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braddock

3D systems CubeJet

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I don't think it is SLS or DLP, neither one to my knowledge could produce all those colors. I think it's a fine power combined with a binding agent emitted from a printer head almost identical to a 2D printers', after the binding material is ejected out of the moving head another layer of fresh fine powder is applied and the process repeats. The colors are mixtures of colored binding agent. I forget the technique, but I believe shapeways uses it.

 

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I think you're right, a similar process to what was used in Paranorman

http://www.engadget.com/2012/08/17/how-3d-printing-changed-the-face-of-paranorman/

 

 

I don't think it is SLS or DLP, neither one to my knowledge could produce all those colors. I think it's a fine power combined with a binding agent emitted from a printer head almost identical to a 2D printers', after the binding material is ejected out of the moving head another layer of fresh fine powder is applied and the process repeats. The colors are mixtures of colored binding agent. I forget the technique, but I believe shapeways uses it.

 

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That's it, the Zcorp printers. An interesting idea, I also believe the structures are rather strong as well. I saw someone use a printed wrench made from one of these printers. I think the 3d printing technology that will end up on generic moms desk (in the somewhat distant future) will incorporate this because it doesn't require any support structure and almost no post processing, except just dusting off the piece. The downside sides I can see are maintenance, the powder has to be very fine and now we have respiratory issues and static cling (can't get that stuff on the printer head which is moving swiftly and very close to the power substrate); and the cost of the material, Zcorp says their stuff is 20 cents/cc which I can see adding up quickly, especially since you can't print hollow structures. I don't think most people want to print out cool functional stuff (although they should want to!!) but more aesthetic stuff, something this printer can do very simply.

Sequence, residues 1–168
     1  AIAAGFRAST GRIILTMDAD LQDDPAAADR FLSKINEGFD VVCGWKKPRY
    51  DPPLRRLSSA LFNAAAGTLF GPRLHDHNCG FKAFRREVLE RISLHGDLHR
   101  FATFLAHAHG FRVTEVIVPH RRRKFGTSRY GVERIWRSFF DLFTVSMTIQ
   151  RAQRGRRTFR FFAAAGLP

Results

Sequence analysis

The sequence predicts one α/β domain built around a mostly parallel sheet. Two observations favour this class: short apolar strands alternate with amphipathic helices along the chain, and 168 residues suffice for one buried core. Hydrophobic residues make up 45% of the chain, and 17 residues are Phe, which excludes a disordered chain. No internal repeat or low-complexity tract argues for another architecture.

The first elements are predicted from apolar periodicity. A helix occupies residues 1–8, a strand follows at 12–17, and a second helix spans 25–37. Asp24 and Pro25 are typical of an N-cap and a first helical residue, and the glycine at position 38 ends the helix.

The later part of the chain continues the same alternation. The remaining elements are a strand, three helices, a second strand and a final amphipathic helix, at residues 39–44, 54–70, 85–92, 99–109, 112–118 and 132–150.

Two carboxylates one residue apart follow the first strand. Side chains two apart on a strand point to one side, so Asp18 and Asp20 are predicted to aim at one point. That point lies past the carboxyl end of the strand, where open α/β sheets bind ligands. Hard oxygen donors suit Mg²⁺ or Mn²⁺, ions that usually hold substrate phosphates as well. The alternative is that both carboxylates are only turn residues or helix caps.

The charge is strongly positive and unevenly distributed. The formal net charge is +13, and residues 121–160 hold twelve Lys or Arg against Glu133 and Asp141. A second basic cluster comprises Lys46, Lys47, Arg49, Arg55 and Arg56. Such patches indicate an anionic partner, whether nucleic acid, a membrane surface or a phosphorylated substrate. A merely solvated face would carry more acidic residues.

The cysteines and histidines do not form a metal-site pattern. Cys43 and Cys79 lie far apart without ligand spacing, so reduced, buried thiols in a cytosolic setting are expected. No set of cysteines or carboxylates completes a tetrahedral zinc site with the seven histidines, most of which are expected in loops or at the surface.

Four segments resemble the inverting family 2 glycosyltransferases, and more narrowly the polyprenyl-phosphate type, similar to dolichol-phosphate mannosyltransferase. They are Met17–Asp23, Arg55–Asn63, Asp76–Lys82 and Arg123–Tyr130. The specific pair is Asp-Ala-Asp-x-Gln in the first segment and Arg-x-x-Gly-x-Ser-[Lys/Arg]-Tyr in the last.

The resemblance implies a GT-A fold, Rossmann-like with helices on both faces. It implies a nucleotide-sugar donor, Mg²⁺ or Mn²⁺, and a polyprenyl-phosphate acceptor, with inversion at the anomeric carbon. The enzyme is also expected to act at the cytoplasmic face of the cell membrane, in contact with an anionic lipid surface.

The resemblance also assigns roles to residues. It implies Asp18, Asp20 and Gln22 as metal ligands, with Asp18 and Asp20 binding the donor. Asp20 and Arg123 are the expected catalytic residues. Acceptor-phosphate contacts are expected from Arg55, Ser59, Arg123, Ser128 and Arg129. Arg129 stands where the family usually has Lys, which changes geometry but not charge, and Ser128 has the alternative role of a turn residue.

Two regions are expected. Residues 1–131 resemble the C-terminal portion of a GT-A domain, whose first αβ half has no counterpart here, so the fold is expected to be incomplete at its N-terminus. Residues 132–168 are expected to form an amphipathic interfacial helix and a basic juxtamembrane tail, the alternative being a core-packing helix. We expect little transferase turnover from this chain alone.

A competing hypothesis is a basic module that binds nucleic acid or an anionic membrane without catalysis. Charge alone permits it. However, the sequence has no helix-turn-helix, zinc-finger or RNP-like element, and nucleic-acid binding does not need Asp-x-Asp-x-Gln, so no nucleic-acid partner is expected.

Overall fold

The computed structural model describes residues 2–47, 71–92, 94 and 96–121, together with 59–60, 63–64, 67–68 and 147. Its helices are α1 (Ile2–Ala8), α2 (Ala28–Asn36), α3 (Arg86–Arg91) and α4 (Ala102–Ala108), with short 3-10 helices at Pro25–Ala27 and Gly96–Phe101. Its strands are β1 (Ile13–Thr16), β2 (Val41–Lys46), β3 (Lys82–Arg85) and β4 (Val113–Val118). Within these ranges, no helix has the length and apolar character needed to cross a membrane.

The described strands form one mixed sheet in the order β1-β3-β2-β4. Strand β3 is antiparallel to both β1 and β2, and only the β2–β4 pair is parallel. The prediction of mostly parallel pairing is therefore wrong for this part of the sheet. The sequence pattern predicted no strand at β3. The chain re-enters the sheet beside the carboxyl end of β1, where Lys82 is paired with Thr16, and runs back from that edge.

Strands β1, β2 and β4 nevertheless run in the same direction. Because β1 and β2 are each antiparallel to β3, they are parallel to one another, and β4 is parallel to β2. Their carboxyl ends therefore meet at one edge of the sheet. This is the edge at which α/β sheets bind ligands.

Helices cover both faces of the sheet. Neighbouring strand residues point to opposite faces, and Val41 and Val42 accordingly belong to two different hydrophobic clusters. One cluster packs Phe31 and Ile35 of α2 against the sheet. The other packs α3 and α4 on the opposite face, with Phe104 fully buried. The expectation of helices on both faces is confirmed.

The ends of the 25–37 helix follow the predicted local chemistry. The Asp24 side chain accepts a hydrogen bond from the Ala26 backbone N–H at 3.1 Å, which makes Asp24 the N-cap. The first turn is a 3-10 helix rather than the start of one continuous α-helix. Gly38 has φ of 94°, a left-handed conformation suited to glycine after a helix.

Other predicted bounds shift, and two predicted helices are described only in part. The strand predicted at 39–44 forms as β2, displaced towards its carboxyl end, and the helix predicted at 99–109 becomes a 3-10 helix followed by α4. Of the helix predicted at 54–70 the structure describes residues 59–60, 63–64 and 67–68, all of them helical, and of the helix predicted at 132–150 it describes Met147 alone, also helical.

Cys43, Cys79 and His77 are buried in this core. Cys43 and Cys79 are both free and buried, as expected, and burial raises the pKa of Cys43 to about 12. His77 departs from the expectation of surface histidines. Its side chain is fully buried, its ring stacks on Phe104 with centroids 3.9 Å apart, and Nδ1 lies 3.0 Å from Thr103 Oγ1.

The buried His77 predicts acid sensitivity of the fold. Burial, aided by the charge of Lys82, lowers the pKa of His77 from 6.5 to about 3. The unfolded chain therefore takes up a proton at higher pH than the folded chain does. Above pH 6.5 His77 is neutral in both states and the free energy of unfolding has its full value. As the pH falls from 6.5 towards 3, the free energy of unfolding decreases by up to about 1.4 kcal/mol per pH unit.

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I'm very confused.

 

These printers use 2d inkjet printer head technology: http://www.konicaminolta.com/inkjethead/technology/technology.html, not how they are all done but the basic principle. A piezoelectric material will deform shape as a function of current, this phenomena is taken advantage of to pump and squirt ink droplets through etched out channels and onto normally a paper substrate. The Zcorp and CubeJet printers use the same technology but instead of ink, it's colored glue; and instead of paper it's a constantly dropping and refreshing build substrate consisting of fine plastic powder (which I would be very interested in knowing how they make and the dimensions of the granules); the build substrate is refreshed by a rolling arm similar to laser sintering.

I also forgot, some inkjet heads use heat to vaporize some of the ink which forces a prescribed amount of ink out of the small holes in the printing head. I don't suspect this is how the printers are depositing their binding agents though.

 

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